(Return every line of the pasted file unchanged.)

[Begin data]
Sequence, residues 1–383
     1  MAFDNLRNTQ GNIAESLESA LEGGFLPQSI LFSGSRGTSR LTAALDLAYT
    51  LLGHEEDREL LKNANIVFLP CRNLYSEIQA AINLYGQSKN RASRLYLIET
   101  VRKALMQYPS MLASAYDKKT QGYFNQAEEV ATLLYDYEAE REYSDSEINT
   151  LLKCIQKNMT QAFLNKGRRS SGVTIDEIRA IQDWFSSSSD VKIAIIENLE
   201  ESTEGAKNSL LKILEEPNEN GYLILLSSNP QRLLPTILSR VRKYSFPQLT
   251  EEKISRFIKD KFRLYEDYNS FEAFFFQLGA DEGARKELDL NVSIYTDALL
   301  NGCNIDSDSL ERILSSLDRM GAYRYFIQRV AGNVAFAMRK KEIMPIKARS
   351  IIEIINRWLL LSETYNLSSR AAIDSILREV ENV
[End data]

Sequence, residues 1–383
     1  MAFDNLRNTQ GNIAESLESA LEGGFLPQSI LFSGSRGTSR LTAALDLAYT
    51  LLGHEEDREL LKNANIVFLP CRNLYSEIQA AINLYGQSKN RASRLYLIET
   101  VRKALMQYPS MLASAYDKKT QGYFNQAEEV ATLLYDYEAE REYSDSEINT
   151  LLKCIQKNMT QAFLNKGRRS SGVTIDEIRA IQDWFSSSSD VKIAIIENLE
   201  ESTEGAKNSL LKILEEPNEN GYLILLSSNP QRLLPTILSR VRKYSFPQLT
   251  EEKISRFIKD KFRLYEDYNS FEAFFFQLGA DEGARKELDL NVSIYTDALL
   301  NGCNIDSDSL ERILSSLDRM GAYRYFIQRV AGNVAFAMRK KEIMPIKARS
   351  IIEIINRWLL LSETYNLSSR AAIDSILREV ENV